The narrative and purpose of the war in Vietnam was important in Kennedy’s case because he also had to fight another kind of war, the political struggle with his domestic competitors.  Americans were not yet tired of the war in 1963.  In fact, they had hardly begun to think about it; when they did think about it, they were generally enthusiastic.  (De Tocqueville remarked of the Americans that there was no people so willing to start a war, and so unwilling to fight it.)  Getting out scot-free in 1963 would have been quite a difficult trick, especially after botching the Bay of Pigs and leading the country through the wringer of the Cuban missile crisis.  Of course later it would become much more difficult.  I think Johnson and Kennedy were on the same page with respect to Vietnam, and as you observe Kennedy’s advisors were all very fond of the war (at the time).

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By InTheKnow, October 31, 2008 at 4:43 am Link to this comment

My thoughts about this subject are thus:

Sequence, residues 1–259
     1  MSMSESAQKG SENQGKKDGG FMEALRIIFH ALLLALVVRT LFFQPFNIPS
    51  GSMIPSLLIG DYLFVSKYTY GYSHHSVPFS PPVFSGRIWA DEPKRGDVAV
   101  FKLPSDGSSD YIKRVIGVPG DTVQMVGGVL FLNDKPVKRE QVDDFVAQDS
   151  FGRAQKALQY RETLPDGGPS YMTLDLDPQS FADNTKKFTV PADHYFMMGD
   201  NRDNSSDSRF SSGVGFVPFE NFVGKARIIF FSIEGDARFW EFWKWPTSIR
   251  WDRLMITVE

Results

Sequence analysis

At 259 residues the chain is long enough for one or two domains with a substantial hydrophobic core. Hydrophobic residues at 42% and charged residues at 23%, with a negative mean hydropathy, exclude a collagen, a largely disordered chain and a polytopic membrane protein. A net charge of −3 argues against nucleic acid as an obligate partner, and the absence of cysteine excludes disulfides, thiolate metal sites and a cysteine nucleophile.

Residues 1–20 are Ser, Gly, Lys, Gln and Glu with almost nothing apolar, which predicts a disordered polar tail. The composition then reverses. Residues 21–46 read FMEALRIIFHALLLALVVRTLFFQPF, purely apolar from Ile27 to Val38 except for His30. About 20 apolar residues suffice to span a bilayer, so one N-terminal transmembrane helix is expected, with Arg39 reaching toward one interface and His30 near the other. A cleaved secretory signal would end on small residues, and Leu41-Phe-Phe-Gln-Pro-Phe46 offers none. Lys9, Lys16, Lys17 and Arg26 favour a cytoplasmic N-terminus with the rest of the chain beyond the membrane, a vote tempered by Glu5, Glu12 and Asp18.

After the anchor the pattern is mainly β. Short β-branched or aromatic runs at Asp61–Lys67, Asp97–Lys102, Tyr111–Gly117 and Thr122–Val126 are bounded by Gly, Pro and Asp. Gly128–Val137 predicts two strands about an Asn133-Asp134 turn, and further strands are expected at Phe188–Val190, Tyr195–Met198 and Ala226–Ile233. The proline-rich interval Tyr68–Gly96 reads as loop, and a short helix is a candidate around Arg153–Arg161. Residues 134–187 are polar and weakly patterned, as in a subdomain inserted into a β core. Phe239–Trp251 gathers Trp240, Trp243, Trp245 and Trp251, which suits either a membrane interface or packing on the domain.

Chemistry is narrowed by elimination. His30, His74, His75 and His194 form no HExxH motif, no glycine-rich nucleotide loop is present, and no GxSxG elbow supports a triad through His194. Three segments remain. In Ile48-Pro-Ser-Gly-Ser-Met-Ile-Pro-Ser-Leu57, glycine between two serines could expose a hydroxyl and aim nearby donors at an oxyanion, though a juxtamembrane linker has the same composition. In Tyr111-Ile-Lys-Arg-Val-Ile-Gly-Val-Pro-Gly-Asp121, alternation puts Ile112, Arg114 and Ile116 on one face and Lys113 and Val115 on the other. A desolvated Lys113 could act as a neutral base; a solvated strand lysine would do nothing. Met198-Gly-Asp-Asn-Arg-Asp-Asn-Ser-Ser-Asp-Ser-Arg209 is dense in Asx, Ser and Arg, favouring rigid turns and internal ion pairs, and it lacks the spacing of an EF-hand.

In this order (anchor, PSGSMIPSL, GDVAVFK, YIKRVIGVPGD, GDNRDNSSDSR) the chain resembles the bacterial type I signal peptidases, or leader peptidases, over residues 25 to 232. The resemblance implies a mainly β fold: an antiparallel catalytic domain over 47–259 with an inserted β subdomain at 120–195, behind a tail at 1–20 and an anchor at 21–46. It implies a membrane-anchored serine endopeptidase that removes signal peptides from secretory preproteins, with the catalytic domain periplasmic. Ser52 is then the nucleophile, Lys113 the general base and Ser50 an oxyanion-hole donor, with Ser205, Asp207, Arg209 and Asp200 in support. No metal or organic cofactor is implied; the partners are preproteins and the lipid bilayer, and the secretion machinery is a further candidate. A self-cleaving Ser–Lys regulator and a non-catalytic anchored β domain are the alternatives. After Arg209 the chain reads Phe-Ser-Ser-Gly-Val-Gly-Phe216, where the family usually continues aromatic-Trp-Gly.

1) Presidents, notwithstanding any prior military service, are professional politicians, NOT military commanders. Civilians typically do not understand this. Consider this: Is it logical to assume that a professional politician, someone who has spent years and years practicing politics, is suddenly going to make a good military commander of U.S. Armed Forces? Absolutely not! The title of Commander-In-Chief is conferred upon the winner of a political contest. It is not earned by demonstrating high military aptitude for commanding military forces. Therefore, presidents make very poor military decisions when required to do so. They typically further compound the problem by putting the Secretay of Defense, another civilian, in charge of the Pentagon. The Secretary of Defense then selects Generals who will kow-tow to him, instead of doing what they know to be the correct military thing to do. This is why the USA is always attempting to accomplish a political objective using military might. Real Generals know that in the long-term, it is not possible to accomplish a political objective using military might; especially if that political objective is democracy (as in Vietnam & Iraq, for examples).